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Results from using the DairyTech line of products speak for themselves, but as more research on the subject becomes available we post it here.

Passive Immunity in Newborn Calves


The neonatal immune system at birth is naïve to the wide variety and types of pathogens present in the environment. Consumption of colostrum to provide circulating IgG prior to the cessation of macromolecular transport (“closure”) is essential to ensure healthy calves. There are a tremendous number of factors that may influence the absorption of IgG by calves; therefore, blanket recommendations for feeding one amount of colostrum to all calves is inappropriate. A model to evaluate factors affecting IgG absorption has been developed and those factors are discussed.


Jim Quigley
Director of Worldwide Research, APC, Inc., Ames, IA 50010

Email: jim.quigley@amerprotcorp.com

Feeding the Newborn Dairy Calf


Calf health, growth, and productivity rely heavily on nutrition and management prac- tices. Every heifer calf born on a dairy farm represents an opportunity to maintain or increase herd size, to improve the herd geneti- cally, or to improve economic returns to the farm. The objectives of raising the newborn calf to weaning age are optimizing growth and minimizing health problems. To accomplish these goals, it is necessary to understand the calf’s digestive system, immune system, and nutrient needs, as well as the feed options available to meet those needs.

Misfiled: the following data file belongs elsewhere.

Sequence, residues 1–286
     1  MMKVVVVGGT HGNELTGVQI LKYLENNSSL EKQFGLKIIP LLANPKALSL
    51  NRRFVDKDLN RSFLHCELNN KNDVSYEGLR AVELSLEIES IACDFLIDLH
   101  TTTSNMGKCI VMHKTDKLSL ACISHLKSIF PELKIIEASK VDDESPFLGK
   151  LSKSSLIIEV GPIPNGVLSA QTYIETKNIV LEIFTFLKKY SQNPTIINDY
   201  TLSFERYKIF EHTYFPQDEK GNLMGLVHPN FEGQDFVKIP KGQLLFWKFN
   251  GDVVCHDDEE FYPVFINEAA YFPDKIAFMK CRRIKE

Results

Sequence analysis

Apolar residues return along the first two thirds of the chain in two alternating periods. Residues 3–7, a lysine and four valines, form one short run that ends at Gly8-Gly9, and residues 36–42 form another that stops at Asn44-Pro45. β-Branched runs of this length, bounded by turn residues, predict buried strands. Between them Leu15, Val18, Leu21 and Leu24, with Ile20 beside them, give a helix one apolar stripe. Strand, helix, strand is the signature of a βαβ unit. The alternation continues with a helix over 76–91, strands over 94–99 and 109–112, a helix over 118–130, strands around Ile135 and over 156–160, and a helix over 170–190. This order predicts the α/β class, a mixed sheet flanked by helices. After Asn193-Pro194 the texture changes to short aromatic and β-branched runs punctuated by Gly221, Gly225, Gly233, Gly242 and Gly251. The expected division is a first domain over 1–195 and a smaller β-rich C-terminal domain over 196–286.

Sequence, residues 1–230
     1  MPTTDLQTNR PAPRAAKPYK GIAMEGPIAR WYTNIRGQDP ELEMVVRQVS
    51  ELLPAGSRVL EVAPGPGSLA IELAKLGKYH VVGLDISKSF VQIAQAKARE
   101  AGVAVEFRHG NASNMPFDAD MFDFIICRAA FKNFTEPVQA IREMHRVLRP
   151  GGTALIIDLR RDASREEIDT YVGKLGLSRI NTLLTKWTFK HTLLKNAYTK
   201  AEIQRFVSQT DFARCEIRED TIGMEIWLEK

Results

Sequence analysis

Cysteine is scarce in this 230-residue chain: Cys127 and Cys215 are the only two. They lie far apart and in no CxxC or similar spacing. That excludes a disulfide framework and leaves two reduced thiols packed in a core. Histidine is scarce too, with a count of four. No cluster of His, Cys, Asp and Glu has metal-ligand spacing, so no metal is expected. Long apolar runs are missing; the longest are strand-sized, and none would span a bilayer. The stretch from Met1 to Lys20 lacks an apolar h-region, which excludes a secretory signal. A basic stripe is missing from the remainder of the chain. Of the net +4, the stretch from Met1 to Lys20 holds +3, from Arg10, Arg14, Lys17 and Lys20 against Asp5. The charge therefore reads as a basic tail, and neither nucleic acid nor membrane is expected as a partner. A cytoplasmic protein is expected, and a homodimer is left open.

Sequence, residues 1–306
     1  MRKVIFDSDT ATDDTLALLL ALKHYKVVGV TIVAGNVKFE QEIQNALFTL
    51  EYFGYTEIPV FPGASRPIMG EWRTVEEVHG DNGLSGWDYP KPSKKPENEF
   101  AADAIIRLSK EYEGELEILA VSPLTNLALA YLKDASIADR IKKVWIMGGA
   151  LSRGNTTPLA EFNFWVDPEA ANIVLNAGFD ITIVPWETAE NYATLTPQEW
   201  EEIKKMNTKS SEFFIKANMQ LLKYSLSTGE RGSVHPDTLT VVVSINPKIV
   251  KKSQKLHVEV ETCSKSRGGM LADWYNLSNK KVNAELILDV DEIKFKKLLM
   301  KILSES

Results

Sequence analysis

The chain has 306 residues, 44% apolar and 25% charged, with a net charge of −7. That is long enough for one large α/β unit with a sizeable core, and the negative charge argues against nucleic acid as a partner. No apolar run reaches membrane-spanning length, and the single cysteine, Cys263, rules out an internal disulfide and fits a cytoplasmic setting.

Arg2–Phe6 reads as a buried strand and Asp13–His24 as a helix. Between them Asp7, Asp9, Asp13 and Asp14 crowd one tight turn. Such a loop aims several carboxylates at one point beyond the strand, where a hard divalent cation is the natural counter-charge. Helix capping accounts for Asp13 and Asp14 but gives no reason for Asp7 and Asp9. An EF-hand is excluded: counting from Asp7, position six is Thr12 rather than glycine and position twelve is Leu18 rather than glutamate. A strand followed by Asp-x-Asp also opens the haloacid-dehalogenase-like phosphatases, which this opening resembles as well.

Penn State Extension

Clean Colostrum and Ig Absorption


The successful transfer of passive immunity via colostrum to the newborn dairy calf continues to be a significant challenge. In spite of years of research and implementation of systems for colostrum management, over 30% of calves exhibit failure of passive transfer (FPT) (NAHMS, 1993). A discussion of the challenges of transfer and development of immunity in the calf represented a significant portion of the program of a recent ADSA Discover Conference held in 2008 entitled: “Biology of the Calf”.


Robert E. James

Short interval from calving to milking is essential for high IgG content in colostrum


The results emphasize the importance of milking as soon as possible after calving. By changing routines at the farm it is possible to milk most fresh cows within five hours after calving and thereby increase the likelihood of collecting high quality colostrum from 50% to around 80%.




Rikke Engelbrecht1, PhD, Mette Marie Løkke2, PhD, Lars Wiking2, PhD, Associate Professor
1Western Union of Agricultural Services, Ringkøbing, Denmark, 2Department of Food Science, Aarhus University, AU-Foulum, Denmark

Effect of heat stress during late gestation on immune function and growth performance of calves: Isolation of altered colostral and calf factor


Maternal HT during late gestation decreased calf birth weight and weaning weight and compromised the passive IgG transfer, regardless of colostrum source. Feeding colostrum from HT cows during the dry period did not affect AEA or growth performance during the preweaning period, but seemed to impair humoral im- mune response during the first month of life.


A. P. A. Monteiro, S. Tao, I. M. Thompson, and G. E. Dahl1
Department of Animal Sciences, University of Florida, Gainesville 32611